The key here is intent to protect. Now some would argue that in order to protect the life of the mother abortion is still permissible. But this would be directly killing a child and not through a defensive measure. Unborn babies don't kill their mommies. Other medical conditions exacerbated by pregnancy (like pre-eclampsia or diabetes) are the root cause of a mother's death. And that's the big distinction I don't think people realize when talking about protecting the life of the mother. It's like they are talking about an unborn baby wielding a knife. Trust me, babies want their mother's to live so they may live.
If, however, an ectopic pregnancy took place and in order to keep the mother alive the baby and the tube was removed thereby indirectly causing the baby to die, then it's not murder. It's not murder to in the process of chemo also loose a child. It's the intent behind the action. No direct intent to kill. I know it's a bit confusing, but again there are better people out there who can explain it better than me. I'm not a theologian or an ethicist.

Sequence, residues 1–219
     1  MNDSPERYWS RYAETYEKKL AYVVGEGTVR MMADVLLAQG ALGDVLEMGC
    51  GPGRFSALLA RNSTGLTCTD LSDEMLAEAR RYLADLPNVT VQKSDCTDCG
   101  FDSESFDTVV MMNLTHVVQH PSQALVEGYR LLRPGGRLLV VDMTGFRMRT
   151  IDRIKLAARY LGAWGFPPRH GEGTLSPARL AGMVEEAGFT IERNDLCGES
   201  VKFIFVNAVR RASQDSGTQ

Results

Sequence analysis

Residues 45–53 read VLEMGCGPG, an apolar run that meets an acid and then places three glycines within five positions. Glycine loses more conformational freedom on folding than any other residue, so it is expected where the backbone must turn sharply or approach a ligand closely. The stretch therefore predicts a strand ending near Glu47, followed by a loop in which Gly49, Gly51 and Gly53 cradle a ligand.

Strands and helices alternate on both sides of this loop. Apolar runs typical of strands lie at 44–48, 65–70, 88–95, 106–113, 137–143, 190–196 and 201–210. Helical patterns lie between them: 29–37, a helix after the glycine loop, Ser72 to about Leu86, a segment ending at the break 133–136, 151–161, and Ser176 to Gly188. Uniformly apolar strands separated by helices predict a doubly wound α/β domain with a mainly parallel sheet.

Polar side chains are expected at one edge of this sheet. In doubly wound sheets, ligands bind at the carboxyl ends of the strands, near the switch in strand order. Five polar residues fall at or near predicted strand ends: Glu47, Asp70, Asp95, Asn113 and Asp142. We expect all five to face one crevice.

To answer your other question: Does religious freedom mean forcing my views on someone else? The short answer is no.
But I think what your trying to make a point with your analogy. The problem is it falls short.
I don't give my money directly to any clerk for purposes of wages. I do, however, give it to a business. There are many businesses and product lines that avoid because of ethically and moral reasons. A lot of people boycott Walmart. Is it because they want the employees of Walmart to continue to suffer with low wages? No. Quite the opposite. They boycott Walmart so that Walmart will improve it's business practices.